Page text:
Preconception nutritional intake and lifestyle factors: first results of an explorative study
Number of pages
SourceEuropean Journal of Obstetrics & Gynecology and Reproductive Biology, 111, 2, (2003), pp. 167-172
Article / Letter to editor
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European Journal of Obstetrics & Gynecology and Reproductive Biology
SubjectEBP 1: Determinants in Health and Disease; UMCN 1.5: Interventional oncology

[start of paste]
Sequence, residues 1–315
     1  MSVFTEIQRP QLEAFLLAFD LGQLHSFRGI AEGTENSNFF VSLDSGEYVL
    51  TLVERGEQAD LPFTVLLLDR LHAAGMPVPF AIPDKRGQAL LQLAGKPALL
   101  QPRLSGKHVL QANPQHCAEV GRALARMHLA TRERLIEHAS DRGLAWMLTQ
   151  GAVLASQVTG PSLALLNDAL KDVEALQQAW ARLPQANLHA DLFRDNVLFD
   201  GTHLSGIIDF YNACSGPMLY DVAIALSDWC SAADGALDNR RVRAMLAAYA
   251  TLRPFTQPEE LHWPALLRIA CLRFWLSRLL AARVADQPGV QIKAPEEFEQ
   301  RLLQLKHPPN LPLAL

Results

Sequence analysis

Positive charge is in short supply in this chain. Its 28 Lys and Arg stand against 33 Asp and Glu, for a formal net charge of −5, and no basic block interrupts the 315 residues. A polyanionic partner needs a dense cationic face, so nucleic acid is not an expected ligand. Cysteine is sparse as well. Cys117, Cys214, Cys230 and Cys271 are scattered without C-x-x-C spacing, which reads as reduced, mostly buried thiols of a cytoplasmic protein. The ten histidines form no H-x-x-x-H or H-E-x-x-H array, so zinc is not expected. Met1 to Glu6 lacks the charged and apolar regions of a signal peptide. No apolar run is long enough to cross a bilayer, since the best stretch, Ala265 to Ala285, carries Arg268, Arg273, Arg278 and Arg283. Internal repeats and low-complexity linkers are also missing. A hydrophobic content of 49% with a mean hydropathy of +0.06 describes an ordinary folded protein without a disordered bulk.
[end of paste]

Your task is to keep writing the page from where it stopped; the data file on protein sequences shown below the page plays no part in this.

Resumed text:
OBJECTIVE: To describe nutritional intake and lifestyle factors in women planning pregnancy. STUDY DESIGN: A semi-quantitative, 1-month food frequency questionnaire and a questionnaire on health practices and personal views were filled out at home and verified by telephone interview. RESULTS: One hundred and one women agreed to participate and data of 69 women were eligible for evaluation. Women planning pregnancy (n=46) consumed significantly more saturated fats and proteins, less carbohydrates and higher median intakes of Vitamin A, thiamin, riboflavin, calcium, selenium, magnesium and iron than controls (n=23; P<0.05). However, the percentage of women planning pregnancy with intakes below recommended dietary allowances was 74% for iron, 59% for selenium, 48% for Vitamin A and 91% for copper. Ninety-six percent and 20% of them reported alcohol use and smoking, respectively. CONCLUSIONS: Nutritional intake of women in the preconception period appears to be inadequate. Efforts to increase awareness of a healthy diet and lifestyle before and throughout pregnancy should be continued.
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